Should you shovel that snow? How to protect your heart when winter weather strikes

Man shoveling heavy snow in the driveway

You might be eager to clear your driveway after a big snowfall. But before you head out into the cold, think twice. Shoveling snow can put as much stress on your heart as running on a treadmill set to its steepest climb. If your most frequent winter activity has been walking from the couch to the refrigerator, you could be at risk for a heart attack.

Read on for answers to common questions about protecting your heart in winter weather.

Are there more heart attacks during cold weather?

A combination of cold weather and strenuous exercise can lead to increased cardiac events in people who are at risk for heart attack. Cold weather causes vasoconstriction, when the blood vessels tighten and get smaller, and shoveling snow is a pretty strenuous activity.

Many people aren't physically active on a regular basis, and a heart attack or heart rhythm issue could strike if they shovel snow, especially if they have risk factors like prior heart disease, coronary artery disease, hypertension, high cholesterol, diabetes, obesity or a smoking habit.

Online calculator assesses your risks for heart disease and cancer

What happens to the heart when shoveling snow?

Essentially, you’re doing the same thing to your heart as an exercise stress test, which is designed to make the heart pump harder by having you run on a treadmill or pedal a stationary bike. Studies show that the heart rate jumps to 85% of its maximum within two minutes during snow shoveling. This can happen even faster for someone who’s deconditioned or not in shape.

An 85% heart rate indicates high-intensity aerobic activity or high-intensity interval training (HIIT). So, you’re going from a resting heart rate to exercising at a vigorous level very quickly, and that ends up putting you at risk, especially if you have a sedentary lifestyle.

You wouldn’t go from the couch straight to taking on the treadmill at its steepest climb. You shouldn’t go straight to snow shoveling, either.

And it’s not just shoveling snow. Pushing a snowblower can also cause your heart rate to increase pretty quickly.

What’s a dangerous heart rate?

Tips for shoveling snow

If you’re not exercising regularly, you shouldn’t be shoveling. Remember, shoveling snow is the same as doing incredibly strenuous exercise in the cold. Don’t take the risk.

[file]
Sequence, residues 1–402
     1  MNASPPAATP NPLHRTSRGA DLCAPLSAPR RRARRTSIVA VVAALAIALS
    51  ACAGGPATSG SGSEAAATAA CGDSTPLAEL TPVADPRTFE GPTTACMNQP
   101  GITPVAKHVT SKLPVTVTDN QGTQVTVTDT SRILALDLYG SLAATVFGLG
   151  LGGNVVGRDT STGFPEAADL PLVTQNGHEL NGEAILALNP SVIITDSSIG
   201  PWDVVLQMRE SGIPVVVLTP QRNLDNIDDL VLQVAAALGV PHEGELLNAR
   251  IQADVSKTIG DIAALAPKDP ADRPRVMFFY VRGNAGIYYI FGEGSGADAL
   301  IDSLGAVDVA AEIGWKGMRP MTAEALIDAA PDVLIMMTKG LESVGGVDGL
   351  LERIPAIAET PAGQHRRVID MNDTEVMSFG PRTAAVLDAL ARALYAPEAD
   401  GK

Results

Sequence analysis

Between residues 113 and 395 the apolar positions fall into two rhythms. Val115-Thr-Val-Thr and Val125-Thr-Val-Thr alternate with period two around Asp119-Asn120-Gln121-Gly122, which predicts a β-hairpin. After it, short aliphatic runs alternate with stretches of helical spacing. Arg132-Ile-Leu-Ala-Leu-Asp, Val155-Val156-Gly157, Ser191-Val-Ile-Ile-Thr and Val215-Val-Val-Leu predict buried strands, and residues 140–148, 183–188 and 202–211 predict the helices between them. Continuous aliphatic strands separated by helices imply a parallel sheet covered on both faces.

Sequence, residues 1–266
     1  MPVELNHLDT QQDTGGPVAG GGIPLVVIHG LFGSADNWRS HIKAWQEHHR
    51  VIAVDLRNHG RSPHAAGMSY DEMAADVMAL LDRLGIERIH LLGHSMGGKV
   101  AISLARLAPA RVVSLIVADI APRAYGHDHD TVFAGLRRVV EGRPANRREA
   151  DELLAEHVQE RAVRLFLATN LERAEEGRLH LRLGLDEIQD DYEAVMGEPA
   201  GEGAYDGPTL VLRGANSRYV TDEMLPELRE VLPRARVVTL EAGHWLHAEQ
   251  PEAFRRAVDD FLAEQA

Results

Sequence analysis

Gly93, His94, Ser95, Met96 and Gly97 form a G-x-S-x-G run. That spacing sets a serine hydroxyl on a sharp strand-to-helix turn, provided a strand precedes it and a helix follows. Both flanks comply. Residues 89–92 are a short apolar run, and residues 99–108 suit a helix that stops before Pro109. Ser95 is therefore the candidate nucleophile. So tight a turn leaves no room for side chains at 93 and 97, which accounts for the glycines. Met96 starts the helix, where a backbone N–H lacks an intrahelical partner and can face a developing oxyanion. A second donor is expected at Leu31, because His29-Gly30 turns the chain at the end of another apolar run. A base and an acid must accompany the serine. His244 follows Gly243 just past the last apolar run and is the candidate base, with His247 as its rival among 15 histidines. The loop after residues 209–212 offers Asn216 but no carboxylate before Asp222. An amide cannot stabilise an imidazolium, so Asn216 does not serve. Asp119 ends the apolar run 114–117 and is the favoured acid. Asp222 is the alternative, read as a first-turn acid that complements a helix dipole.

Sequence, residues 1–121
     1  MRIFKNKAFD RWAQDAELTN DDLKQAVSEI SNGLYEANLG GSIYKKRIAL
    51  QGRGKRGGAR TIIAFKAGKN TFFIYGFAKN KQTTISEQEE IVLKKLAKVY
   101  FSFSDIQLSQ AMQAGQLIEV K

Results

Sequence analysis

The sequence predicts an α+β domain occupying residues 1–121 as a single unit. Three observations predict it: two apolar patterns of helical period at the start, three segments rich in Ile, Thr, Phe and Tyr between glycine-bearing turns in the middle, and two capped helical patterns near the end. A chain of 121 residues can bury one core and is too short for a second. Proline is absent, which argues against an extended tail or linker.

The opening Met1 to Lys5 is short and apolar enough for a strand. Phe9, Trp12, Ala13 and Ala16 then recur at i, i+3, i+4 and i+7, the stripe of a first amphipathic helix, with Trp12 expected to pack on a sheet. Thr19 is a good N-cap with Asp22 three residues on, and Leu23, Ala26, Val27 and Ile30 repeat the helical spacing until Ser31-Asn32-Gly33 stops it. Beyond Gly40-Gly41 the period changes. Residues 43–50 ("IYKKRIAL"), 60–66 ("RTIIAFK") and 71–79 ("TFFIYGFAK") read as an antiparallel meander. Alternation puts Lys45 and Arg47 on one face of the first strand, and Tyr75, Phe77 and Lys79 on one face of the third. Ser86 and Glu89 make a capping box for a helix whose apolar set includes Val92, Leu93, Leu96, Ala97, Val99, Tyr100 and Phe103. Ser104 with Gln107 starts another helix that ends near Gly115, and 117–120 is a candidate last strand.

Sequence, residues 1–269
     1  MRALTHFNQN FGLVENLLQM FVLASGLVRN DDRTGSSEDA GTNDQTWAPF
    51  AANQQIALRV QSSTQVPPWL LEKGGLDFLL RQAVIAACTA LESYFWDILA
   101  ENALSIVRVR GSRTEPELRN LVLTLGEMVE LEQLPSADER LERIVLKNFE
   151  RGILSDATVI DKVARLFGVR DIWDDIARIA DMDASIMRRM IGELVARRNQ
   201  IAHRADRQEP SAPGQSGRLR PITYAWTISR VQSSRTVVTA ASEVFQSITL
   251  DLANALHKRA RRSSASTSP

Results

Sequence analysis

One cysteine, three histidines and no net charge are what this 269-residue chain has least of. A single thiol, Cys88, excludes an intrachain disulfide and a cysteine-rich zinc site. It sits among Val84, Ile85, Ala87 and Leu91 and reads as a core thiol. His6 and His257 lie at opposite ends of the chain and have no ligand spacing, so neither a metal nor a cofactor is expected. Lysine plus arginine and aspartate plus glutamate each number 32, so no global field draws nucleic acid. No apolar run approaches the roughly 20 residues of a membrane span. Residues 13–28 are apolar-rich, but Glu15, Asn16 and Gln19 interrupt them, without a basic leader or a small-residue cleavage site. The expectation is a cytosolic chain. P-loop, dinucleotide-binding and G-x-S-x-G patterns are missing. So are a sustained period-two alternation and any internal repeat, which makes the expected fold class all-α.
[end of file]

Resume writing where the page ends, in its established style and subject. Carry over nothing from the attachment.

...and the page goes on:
Also pay attention to any signs or symptoms when you’re doing everyday activities. If there’s anything you’re worried about, or if you get a little chest pressure or shortness of breath when climbing a flight of stairs, have someone else do the shoveling for you and make a doctor appointment instead.

If you’re regularly active and don’t have risk factors, still take precautions to keep your heart safe:

Shovel in increments, taking several breaks. Shoveling an entire driveway at once is going to put you at higher risk, because you're working at a high level for a long period of time.

Stay hydrated. You don't realize how much water you lose when you're out in cold weather because your body's trying to keep itself warm. You'll lose water through sweat, but you won't feel like you're sweating.

What should I look out for when shoveling snow?

Symptoms that you might be having a heart attack include:

  • Feeling lightheaded or dizzy
  • Palpitations, a feeling that the heart is racing or skipping a beat
  • Chest pressure or pain
  • Shortness of breath
  • Nausea or heartburn
  • Excessive sweating

Women sometimes experience a fluttering sensation in the chest, flu-like symptoms or pain in the back, shoulder or jaw.

If you have any of these symptoms, stop what you’re doing immediately and get evaluated by a health care professional. If the symptoms persist more than 5 minutes, call 911.

Can the cold cause heart-related problems without activity?

Vasoconstriction, the tightening of blood vessels, can be induced by cold weather because the body clamps down to protect your core and keep your vital organs warm. This is why your hands might get cold or turn blue when we go out in cold weather.

Some people have a constrictive condition called Raynaud’s disease, triggered by cold and stress. Their fingertips might turn blue, or even black, because they’re not getting enough blood flow. They should avoid being out in cold weather without proper coverage, especially on the hands and feet.

Expert Guide to Heart Health: Answers to more of your heart health questions

What can I do to get more physically active?

First, talk with your physician to make sure there are no health barriers preventing you from being physically active.

If you can safely begin an exercise plan, start with a walking regimen. You can't run a marathon right away. Gradually build up, priming your cardiovascular system to do more strenuous physical activity.

The next step would be working with a trainer or physical therapist, depending on your condition, to determine your limits and abilities.

Your heart is in the right place

Learn more about advances in care and treatment for patients at The Ohio State University Heart and Vascular Center

Expert care starts here


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